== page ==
I have given with a surface of american option prices $C_{am}(T, K)$. From these american option prices the implied volatility surface is deduced.

Now I want to find the local volatility $\sigma(s,t)$ for my model, such that the price with respect to the price process $$dS_t=rS_tdt+\sigma(S_t,t)S_tdW_t$$ replicate all prices on the price surface.

There is the Dupire Formula for vanilla European option. Clearly, I can't use the Dupire formula to convert my implied volatility surface to the local volatility surface, as Dupire Formula bases heavily on the assumption of European Option(especially, the price should only depend on the stock price at final time). As it turns out, if we use the Dupire Formula, the price obtained by my local volatility model is significant different than the one on the price surface $C_{am}(T, K)$.

Is there another way to do that? I know there exists some brute force method using a least square optimization to calibrate the local volatility directly to the price surface $C_{am}(T, K)$. However, this method is very time consuming. here for the paper Also I have to adapt the model to discrete dividend. Can anybody provide any helpful materials or method used in the industry?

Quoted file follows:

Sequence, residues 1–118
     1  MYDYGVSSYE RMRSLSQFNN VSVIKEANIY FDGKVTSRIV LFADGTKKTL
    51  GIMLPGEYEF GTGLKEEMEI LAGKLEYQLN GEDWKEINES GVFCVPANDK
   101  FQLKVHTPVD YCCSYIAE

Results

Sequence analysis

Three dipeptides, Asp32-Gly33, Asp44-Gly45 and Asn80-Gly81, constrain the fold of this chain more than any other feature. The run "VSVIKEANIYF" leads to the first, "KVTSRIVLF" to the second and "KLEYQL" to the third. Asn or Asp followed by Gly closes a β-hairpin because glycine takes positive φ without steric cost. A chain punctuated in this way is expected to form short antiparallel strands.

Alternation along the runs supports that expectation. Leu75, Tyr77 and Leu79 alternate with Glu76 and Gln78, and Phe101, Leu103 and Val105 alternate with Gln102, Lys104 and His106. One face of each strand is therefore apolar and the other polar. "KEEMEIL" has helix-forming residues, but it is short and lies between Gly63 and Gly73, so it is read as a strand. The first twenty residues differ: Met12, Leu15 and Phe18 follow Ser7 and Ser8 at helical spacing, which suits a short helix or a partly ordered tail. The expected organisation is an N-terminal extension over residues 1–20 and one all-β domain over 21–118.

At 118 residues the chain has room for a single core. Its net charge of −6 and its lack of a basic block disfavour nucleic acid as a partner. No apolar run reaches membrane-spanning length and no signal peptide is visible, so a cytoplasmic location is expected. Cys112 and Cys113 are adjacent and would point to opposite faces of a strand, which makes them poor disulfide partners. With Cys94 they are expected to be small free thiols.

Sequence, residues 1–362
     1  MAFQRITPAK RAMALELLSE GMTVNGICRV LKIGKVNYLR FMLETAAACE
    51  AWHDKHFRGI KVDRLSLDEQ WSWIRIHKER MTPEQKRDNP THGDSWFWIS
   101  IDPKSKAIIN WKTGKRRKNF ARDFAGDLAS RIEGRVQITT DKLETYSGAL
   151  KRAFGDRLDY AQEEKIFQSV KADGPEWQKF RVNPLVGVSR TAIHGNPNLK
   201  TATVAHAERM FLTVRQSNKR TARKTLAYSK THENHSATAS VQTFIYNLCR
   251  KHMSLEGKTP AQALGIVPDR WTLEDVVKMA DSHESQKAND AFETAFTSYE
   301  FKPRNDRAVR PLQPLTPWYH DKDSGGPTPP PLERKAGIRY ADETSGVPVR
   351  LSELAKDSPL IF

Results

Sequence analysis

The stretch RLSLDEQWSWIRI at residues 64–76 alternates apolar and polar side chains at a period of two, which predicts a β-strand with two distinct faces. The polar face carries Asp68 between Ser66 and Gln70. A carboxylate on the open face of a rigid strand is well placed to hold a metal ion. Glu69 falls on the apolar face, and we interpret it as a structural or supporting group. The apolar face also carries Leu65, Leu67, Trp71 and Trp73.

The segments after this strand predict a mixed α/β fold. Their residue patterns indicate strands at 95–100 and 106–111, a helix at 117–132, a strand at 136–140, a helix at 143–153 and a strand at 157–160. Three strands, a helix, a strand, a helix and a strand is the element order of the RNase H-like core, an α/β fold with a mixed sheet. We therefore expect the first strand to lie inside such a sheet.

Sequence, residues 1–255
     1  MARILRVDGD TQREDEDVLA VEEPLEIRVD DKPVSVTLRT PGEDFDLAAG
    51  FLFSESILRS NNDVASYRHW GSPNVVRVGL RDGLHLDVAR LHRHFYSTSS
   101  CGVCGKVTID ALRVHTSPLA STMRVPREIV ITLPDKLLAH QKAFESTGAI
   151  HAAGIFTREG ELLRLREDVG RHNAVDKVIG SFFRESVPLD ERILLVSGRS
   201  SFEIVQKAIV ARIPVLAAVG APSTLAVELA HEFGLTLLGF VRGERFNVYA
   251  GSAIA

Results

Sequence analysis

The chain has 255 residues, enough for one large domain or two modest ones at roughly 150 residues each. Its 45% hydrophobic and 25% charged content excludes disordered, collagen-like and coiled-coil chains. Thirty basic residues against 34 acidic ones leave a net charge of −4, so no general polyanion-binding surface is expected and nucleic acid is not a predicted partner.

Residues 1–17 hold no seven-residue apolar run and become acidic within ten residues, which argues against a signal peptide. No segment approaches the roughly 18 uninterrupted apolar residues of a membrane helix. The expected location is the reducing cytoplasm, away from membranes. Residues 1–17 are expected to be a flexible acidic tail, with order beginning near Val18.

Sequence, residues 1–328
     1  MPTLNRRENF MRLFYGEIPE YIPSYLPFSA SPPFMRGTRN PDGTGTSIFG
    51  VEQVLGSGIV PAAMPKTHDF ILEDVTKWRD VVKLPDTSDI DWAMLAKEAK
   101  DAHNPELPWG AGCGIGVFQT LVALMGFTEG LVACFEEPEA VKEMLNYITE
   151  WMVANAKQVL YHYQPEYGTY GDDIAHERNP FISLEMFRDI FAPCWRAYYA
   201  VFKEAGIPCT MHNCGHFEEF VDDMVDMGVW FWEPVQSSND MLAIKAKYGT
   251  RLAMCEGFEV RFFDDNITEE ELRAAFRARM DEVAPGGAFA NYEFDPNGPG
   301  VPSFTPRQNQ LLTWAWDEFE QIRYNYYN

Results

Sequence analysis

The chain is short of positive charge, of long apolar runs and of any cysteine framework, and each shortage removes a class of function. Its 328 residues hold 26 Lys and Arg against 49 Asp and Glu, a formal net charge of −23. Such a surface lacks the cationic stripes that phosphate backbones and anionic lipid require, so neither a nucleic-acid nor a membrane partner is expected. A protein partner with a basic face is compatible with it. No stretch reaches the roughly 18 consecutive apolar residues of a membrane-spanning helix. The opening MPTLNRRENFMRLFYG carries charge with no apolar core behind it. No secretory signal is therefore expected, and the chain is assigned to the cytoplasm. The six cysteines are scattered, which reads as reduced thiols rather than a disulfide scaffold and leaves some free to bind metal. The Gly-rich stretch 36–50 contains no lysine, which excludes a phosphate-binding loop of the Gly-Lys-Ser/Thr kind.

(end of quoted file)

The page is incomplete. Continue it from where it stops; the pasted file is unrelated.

• $\begingroup$ Hi @quallenjäger , could you please share how to compute "implied volatility" from American Option prices? I guess, we could set up a backward propagation numerical scheme (binomial tree or finite difference) and use a root-finder to compute the "implied volatility". If so, I see this "implied vol" to have the same meaning as the implied vol backed out from Black Scholes formula from European Option Prices. $\endgroup$ – bhutes Jun 11 '19 at 7:07
  • $\begingroup$ @bhutes You are right. Only the implied vol backed out from american price surface obeys a different equation than the usual dupire equation, which is used to back out implied vol from european option prices. $\endgroup$ – quallenjäger Sep 16 '19 at 15:42

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